Obama returns Monday to the Mountain West, making his second visits to Colorado and Nevada since the Democratic convention.
Money still matters
Obama’s decision to opt out of the public campaign financing system means he can run in more states, but it also means he needs to spend more time in solid Democratic states because those are the money centers.
“His waiving the $85 million in matching funds is a whole new ballgame,” said a Republican strategist not involved in the presidential campaign. “It is interesting to see how he balances expanding the playing field and hitting the coasts.”
Three weeks ago, he detoured to Red Bank, N.J., for fundraisers. A week later, Obama hosted money events in Beverly Hills, Miami and Albuquerque. And last Monday, he returned to Chicago after a day in Wisconsin to raise more cash. On each occasion, Obama was able to hold only one public event that day.
To be clear, McCain still needs to raise money for the Republican National Committee, and he spent considerable time over the summer visiting solidly Democratic states simply to attend fundraisers.
But Democratic and Republican strategists will be watching Obama to see whether his decision to become the first presidential candidate to forgo public money in the general election is worth it.
“Obama’s travel will show how well his fundraising is going,” the GOP strategist said. “If he doesn’t go back to a state like North Carolina in the next four weeks, it may be because he’s forced to spend time in California raising cash. That will be the interesting thing to watch as we go forward. His fundraising schedule may have an impact on his political event schedule. And it could very well shrink his physical presence in some of the key states.”
It’s not just the state. It’s where in the state
Perhaps most telling, Lehane said, is where the nominee goes within a state.
While McCain adheres mostly to traditional Republican markets, which overlap with swing areas, Obama is traveling to locales besides the usual suspects.
He goes to counties where Bush drubbed Kerry, areas that don’t usually see presidential candidates. There were stops in recent weeks in Grand Junction, Colo., and Elko, Nev., and Abingdon, Va.
“They are clearly doing some precision targeting to get into the key Electoral College states – but go to specific places within those states where a visit will result in wall-to-wall free press coverage in order to impact the margins of these states,” Lehane said.
The one that they want
There’s always a state or two that one party really hopes to steal from the other for bragging rights as much electoral votes.
For Obama, that state is Virginia. For McCain, it’s Michigan.
Obama’s first campaign stop after clinching the nomination was Bristol, Va., an Appalachian town in the state's southwestern corner. He has made Virginia one of his regular stops, returning seven times since June to visit 13 towns.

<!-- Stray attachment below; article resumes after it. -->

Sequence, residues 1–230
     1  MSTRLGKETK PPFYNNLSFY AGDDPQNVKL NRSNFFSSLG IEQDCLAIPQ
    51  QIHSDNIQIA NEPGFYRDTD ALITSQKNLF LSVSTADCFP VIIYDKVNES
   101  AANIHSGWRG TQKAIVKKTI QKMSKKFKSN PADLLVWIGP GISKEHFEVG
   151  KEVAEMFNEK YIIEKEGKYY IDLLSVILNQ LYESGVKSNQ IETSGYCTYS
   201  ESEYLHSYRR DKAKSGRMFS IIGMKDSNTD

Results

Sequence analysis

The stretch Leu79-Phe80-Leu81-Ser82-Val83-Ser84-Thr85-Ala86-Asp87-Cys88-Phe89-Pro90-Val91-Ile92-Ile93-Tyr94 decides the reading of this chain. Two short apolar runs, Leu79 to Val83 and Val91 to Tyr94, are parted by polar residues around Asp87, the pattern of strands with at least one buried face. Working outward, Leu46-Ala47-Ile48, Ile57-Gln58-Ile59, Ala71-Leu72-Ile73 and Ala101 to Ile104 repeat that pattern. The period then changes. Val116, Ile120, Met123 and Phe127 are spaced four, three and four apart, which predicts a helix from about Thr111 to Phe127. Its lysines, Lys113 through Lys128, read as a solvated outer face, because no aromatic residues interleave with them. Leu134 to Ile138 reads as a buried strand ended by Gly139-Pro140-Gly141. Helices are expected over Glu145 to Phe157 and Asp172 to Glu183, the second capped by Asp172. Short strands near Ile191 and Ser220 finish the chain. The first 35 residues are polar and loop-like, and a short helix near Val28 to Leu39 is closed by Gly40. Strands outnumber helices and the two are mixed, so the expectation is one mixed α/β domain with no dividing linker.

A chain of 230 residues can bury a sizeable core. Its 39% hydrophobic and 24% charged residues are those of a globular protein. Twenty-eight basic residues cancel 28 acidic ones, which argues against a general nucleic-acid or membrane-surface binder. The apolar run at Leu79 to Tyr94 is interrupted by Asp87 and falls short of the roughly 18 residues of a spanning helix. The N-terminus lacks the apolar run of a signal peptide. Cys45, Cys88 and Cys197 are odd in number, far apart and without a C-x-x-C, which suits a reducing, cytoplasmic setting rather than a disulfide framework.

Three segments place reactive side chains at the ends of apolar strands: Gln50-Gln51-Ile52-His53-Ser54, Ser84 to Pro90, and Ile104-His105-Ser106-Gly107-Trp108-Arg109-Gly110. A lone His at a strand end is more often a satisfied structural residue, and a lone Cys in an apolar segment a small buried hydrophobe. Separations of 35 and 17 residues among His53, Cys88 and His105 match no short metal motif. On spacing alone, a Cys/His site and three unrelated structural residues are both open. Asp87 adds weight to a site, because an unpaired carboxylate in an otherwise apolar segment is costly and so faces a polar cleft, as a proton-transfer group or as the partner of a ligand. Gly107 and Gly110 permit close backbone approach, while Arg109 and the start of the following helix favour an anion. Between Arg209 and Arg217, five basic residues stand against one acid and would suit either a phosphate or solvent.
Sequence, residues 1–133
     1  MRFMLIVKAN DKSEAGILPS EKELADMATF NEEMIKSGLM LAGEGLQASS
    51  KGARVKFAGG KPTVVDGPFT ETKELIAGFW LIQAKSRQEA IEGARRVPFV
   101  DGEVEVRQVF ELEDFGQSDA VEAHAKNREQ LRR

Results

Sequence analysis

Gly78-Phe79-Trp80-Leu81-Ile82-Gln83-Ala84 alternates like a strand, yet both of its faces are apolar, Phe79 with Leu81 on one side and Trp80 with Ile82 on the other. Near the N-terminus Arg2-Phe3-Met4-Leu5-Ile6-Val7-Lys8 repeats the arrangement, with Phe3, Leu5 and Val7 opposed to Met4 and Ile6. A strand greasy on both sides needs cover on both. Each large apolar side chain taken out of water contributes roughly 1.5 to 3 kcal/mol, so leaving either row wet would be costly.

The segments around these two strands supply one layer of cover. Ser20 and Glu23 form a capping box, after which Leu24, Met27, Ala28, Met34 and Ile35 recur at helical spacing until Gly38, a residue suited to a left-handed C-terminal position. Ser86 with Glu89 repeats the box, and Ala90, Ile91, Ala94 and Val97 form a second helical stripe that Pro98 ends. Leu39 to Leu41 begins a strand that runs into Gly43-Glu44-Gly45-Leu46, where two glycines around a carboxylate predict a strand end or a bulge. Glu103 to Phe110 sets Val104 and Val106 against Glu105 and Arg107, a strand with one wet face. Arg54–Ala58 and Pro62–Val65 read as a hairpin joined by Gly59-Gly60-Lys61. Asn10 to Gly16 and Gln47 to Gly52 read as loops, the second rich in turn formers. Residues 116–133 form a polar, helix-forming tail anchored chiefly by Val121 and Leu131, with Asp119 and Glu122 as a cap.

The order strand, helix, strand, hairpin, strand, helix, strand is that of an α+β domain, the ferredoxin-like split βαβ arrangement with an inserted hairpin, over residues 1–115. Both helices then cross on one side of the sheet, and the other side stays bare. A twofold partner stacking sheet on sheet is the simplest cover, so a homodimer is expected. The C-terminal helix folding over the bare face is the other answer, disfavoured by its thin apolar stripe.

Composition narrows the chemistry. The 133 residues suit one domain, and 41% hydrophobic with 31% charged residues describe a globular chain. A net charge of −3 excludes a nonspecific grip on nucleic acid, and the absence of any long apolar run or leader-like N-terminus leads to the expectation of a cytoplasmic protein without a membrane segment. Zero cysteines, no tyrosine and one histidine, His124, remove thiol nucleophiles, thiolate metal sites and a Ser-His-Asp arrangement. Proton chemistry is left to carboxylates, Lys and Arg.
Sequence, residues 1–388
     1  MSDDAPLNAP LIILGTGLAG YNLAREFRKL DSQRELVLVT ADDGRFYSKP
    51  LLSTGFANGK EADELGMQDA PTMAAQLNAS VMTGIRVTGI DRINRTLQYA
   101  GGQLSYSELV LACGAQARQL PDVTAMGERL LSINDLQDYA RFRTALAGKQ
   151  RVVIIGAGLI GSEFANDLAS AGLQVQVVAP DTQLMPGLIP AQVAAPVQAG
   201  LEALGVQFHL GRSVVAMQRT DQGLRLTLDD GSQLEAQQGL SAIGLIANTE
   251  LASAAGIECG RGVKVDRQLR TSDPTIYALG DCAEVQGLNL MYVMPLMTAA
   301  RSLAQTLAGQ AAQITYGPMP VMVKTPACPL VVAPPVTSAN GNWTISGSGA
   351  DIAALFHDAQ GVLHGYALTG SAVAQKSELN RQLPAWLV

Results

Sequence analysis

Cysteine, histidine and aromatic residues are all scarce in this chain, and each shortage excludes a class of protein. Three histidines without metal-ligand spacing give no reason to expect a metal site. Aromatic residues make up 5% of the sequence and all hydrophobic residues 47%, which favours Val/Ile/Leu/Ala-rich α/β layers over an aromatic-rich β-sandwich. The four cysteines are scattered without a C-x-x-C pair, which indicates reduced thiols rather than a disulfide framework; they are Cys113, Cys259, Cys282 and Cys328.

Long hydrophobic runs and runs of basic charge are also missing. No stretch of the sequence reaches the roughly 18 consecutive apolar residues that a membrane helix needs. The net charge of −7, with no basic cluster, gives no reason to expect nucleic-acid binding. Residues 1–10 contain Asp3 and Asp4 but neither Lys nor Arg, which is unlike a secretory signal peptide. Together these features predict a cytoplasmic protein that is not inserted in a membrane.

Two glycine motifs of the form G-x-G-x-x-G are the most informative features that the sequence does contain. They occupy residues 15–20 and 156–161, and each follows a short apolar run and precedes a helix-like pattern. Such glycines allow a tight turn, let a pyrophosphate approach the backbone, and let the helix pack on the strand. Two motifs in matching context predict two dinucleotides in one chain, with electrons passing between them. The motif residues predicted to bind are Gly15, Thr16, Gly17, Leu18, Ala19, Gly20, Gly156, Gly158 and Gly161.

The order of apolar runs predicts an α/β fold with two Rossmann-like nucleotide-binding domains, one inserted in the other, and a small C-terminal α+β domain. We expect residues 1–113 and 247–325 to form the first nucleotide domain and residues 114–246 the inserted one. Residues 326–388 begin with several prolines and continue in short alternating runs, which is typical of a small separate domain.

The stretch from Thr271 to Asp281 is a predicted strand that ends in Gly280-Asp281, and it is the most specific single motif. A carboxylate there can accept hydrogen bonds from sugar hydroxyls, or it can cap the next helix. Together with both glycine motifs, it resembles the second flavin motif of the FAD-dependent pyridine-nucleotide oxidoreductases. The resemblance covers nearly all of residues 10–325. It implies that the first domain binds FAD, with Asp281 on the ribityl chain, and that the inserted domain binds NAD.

A win in Virginia would give Democrats a foothold once again in the South in presidential races, and provide evidence for Obama’s claim that he can push his party into new territory.
“He must believe he has better shot there than in Indiana, which has gotten less attention,” said Douglas Schoen, a pollster to President Clinton during the 1996 election.
McCain has made half a dozen trips to swing counties in Michigan, where Republican strategists say the economic downturn may work to their favor. Under Democratic Gov. Jennifer Granholm, Michigan has suffered what some have called a single-state recession, with years of job losses in the automotive industry and home foreclosures.
The scandal-plagued mayor of Detroit, Democrat Kwame Kilpatrick, compounded the problem until he resigned earlier this month as part of a plea deal with prosecutors.
A runner-up state for McCain is Pennsylvania, his most visited state, where he has traveled almost every week since June.
The last Republican to win the state was George H.W. Bush in 1988, and most Northeastern states have been a dead zone for Republican presidential candidates for years. But McCain appears motivated by several factors: Obama’s nine-point primary election loss; one of the largest elderly populations in the country; the moderate Republican leanings of the Philadelphia suburbs; and the socially conservative streak of voters through central and Western Pennsylvania.
Most likely to flip
Based on the travel schedule, Obama doesn't look worried about Iowa, which narrowly voted for George Bush in 2004. Since the start of the general election, he's gone only twice to the state, where the Democrat won the Iowa caucus and now holds a 9-percentage point lead, according to the Real Clear Politics polling average.
McCain has dropped into Iowa three times, hoping to keep the state in the Republican column.
The town hall, R.I.P?
After a long productive life in the 2008 campaign, the esteemed town hall event is on life support.
McCain held only three in the last six weeks. And Obama has gone his longest stretch without one in months, last answering voter questions Sept. 12 in Dover, N.H.
The political rally is now the nominees' weapon of choice as Election Day draws near.
For candidates, it's all about Ohio
By CARRIE BUDOFF BROWN | 9/27/08 7:31 PM EDT